ATLANTA - Since taking office in 2019, Gov. Brian Kemp and First Lady Marty Kemp have prioritized human trafficking awareness and measures to end "modern-day slavery" in Georgia.
Monday, the Kemps unveiled three new proposals to continue that effort.
"There is always more work to be done. We will not let up. We're still fighting," said Gov. Kemp in a news conference at the State Capitol.
The first bill would establish an exception for trafficking survivors who want to change their names. State law requires anyone who petitions the court for a legal name change to publish a notice in the local newspaper for four consecutive weeks. Current law allows victims of family violence to file petitions without public notices and this legislation would also allow trafficking victims to keep their name changes private.
Under the second piece of legislation, victims of human trafficking would be able to sue their traffickers or anyone else who knowingly benefitted from their crimes in civil court. A lawsuit could not be filed until any criminal cases were resolved and the statute of limitations would be 10 years.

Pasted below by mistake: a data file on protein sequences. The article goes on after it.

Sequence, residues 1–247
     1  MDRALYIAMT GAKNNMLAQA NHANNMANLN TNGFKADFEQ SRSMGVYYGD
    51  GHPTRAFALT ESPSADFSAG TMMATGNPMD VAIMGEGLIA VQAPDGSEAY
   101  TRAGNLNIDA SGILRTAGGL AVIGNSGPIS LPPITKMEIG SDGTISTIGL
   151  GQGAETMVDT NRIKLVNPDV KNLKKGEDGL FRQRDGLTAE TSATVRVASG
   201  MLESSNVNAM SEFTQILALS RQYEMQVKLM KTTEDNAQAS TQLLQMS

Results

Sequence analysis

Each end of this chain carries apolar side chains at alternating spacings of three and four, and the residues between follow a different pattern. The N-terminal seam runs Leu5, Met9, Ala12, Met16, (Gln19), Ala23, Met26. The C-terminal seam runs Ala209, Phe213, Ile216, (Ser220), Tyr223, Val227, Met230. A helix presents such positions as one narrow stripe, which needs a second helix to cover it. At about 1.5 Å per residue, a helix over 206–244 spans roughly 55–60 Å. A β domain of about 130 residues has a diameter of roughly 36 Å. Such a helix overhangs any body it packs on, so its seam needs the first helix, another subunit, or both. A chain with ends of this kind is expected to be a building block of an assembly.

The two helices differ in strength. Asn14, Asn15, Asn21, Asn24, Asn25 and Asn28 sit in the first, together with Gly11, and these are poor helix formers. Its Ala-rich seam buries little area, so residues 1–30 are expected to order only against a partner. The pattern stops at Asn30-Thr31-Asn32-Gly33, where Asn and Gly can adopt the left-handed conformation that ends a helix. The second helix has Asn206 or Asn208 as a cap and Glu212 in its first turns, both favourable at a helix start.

Finally, Gov. and Mrs. Kemp have proposed a rule change for the Department of Driver Services which would require anyone getting or renewing a Commercial Driver's License (CDL) to take an anti-trafficking course first.
"With these initiatives, we can continue taking important steps to end modern-day slavery and ensure that our state is a safe haven for survivors," said Mrs. Kemp. "But I want every Georgian to know that these are just our most recent steps in our ongoing fight to end human trafficking and certainly not our last. Every day we will continue to be on the lookout for new ways to help and make a difference. And I promise you we will not rest until every victim is rescued and every trafficker is behind bars."
State Rep. Josh Bonner and state Sen. Clint Dixon said they plan to file the legislation this week.
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